Keith
    Yeah, in making my list I looked at some of the corporate websites, but found them of very little value. I don't understand why companies think that they need to share these bland "vision statements" that are almost universally created by committee and thus thoroughly denuded of any actual vision or passion. Such a waste of time/resources, but I guess they have to justify those swanky executive retreats somehow.
     
  10. piggsy

    piggsy Mu-43 All-Pro

    Haha I dunno, for Fuji maybe it's just boilerplate, the Canon and Olympus ones make me think there is some enormous bible for Kyosei and Social IN that you are expected to learn backwards, secret Social IN handshakes, ritual Kyosei child sacrifices, etc.
     
  11. DeeJayK

    DeeJayK Mu-43 Hall of Famer

    Feb 8, 2011
    Pacific Northwest, USA
    Keith
    I'm no expert on Japanese corporate culture, but from what I understand I suspect there may be more than a grain of truth to your conjecture.
     
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  12. Wisertime

    Wisertime Mu-43 All-Pro

    Aug 6, 2013
    Philly
    Steve
    Just for fun :dance3:

    Nikon/Canon: Established crowd followers. Heavy marketing budgets. The accepted industry giants. Bigger is better mentality.
    Olympus/Panasonic: Advanced enthusiasts, free thinkers, innovators. Quality/cost conscious consumers. The Avis of cameras.
    Leica: Elitists. Less is more ( as in more $$). Implied scarcity/quality drives price.
    Sony: Brand loyalists who will try anything new or unproven. First adapters. Still want a big name on their products.
    Pentax: Independent renegades who stand apart on a budget. Nostalgic users who research before they buy. Value/quality/cost driven.
    Samsung: New kid in town. Willing to take chances and try something new, but w/recognized brand name quality. Cross marketing.
    Fuji: Boutique little big name brand. "mythical colors"
     
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  13. fredlong

    fredlong Just this guy...

    Apr 18, 2011
    Massachusetts USA
    Fred
    What about Mamiya, Hasselblad, Phase One and Leaf. Where do they fit in? :)

    Fred
     
  14. Phocal

    Phocal Mu-43 Hall of Famer

    Jan 3, 2014
    The old 4/3 lenses really only function on one camera, so you can't really count them. Now, I use the one camera they function on and I picked that camera because I needed what the 4/3 lenses have that m4/3 does not. But, even with those lenses it's not a fully mature system, still a lot of holes in the lineup.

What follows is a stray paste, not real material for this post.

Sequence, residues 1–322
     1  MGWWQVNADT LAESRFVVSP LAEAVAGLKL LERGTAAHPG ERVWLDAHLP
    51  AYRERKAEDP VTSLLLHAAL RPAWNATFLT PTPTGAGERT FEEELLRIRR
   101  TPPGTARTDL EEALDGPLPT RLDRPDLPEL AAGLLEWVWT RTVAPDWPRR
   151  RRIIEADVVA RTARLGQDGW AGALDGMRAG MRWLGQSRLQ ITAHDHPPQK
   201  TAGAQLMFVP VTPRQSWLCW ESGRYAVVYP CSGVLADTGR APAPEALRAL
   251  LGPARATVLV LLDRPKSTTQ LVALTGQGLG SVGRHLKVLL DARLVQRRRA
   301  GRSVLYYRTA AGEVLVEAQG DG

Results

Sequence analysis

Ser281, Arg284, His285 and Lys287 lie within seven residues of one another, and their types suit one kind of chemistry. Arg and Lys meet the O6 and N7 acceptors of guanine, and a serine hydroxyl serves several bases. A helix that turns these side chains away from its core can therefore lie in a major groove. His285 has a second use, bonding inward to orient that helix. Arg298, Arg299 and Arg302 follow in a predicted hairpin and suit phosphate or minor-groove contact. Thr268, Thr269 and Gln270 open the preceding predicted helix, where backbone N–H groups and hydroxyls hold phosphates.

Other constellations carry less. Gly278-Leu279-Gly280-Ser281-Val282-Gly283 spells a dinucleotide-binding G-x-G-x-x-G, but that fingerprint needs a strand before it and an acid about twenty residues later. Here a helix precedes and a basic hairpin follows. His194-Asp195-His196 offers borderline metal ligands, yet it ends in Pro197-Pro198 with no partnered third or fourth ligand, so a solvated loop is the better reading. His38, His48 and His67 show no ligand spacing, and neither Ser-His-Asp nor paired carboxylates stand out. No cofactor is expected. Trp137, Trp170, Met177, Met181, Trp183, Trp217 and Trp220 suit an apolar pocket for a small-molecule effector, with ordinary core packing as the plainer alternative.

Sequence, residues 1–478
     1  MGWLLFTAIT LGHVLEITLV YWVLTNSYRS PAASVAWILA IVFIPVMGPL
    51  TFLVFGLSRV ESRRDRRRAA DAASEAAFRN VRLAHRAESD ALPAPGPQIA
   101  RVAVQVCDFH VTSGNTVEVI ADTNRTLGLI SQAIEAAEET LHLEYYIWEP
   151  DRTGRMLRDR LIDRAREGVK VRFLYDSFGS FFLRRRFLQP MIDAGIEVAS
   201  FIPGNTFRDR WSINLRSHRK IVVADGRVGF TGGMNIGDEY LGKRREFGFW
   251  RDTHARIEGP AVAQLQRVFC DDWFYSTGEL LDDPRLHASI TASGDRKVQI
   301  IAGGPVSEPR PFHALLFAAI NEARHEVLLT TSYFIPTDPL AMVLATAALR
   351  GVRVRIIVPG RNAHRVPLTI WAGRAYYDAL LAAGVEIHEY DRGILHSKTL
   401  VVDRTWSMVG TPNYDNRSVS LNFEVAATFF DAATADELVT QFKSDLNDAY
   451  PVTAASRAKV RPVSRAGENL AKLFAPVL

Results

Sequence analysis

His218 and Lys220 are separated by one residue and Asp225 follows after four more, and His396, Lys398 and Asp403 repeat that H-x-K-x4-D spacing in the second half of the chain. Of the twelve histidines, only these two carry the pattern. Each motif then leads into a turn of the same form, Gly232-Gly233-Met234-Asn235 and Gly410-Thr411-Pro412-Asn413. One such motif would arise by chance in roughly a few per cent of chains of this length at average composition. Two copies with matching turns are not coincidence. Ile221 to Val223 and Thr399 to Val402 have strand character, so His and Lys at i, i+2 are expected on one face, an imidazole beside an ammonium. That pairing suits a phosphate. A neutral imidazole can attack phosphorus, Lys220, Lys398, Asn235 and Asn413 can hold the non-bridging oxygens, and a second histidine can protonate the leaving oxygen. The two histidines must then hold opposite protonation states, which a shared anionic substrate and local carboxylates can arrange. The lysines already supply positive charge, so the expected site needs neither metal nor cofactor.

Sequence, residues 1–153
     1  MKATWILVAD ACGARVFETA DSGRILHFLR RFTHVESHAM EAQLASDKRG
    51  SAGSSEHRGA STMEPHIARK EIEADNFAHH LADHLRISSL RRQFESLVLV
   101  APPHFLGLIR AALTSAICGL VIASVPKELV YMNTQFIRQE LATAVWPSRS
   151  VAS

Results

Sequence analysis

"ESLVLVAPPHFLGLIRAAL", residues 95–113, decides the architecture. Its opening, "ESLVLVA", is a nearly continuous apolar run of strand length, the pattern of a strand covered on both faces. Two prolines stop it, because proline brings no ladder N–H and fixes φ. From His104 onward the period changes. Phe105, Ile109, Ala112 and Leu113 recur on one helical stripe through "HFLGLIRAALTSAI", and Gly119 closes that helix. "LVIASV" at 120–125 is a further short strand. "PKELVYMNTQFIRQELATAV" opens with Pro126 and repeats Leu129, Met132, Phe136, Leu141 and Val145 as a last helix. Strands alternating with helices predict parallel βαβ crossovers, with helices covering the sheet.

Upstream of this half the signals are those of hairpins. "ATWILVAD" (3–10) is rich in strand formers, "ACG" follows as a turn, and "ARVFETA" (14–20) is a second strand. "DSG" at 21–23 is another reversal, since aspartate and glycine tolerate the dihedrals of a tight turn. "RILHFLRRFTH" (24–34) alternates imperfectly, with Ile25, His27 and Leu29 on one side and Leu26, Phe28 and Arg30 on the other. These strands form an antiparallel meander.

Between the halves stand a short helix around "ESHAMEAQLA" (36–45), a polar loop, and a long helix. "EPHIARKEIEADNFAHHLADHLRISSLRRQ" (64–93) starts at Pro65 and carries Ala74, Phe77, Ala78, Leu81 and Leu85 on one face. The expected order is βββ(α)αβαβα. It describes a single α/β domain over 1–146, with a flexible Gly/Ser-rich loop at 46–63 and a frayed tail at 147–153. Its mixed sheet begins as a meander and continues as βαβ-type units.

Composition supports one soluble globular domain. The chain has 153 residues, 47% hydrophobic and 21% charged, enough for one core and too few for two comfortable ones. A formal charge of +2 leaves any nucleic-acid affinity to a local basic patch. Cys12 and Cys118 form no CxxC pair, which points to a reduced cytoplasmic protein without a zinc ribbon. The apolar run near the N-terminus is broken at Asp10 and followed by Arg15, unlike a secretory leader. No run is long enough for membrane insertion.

15. DeeJayK

    DeeJayK Mu-43 Hall of Famer

    Feb 8, 2011
    Pacific Northwest, USA
    Keith
    Good question, Fred. I don't really see any of those as "consumer" brands, so at least in my mind they exist in a different sphere. To the extent I'm familiar with them at all, I'm completely ignorant as to distinctions amongst them. I guess I would group them all together under the "medium/large format" banner and say that they are generally for pros who require the ultimate in IQ and resolution, generally in a studio setting.
     
  16. kevinparis

    kevinparis Cantankerous Scotsman

    Feb 12, 2010
    Gent, Belgium
    really... why can't I count them ?.. what glaring holes are you seeing in the current line up?... As far as I can see they are making good in replacing many of the goto 4/3 lenses with Pro level micro 4/3 equivalents.. eg 7-14, 12-40, 40-150, 300. I really don't see any obvious gaps in the range of lens available in m4/3 mount with maybe the exception of a fast 14mm prime and perhaps a faster 25

    K
     
  17. DeeJayK

    DeeJayK Mu-43 Hall of Famer

    Feb 8, 2011
    Pacific Northwest, USA
    Keith
    I'm with you on this one, Kevin, although I think until the 300mm Pro lens is available there's a gap in terms of a long prime lens.

    Other than that (and that's a pretty small niche) it seems like between Panasonic, Olympus and the Kowa, Voigtlander and Samyang's the Micro 4/3 lens lineup is pretty complete (and that's without even really considering the 4/3 lenses).
     
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  18. tkbslc

    tkbslc Mu-43 Hall of Famer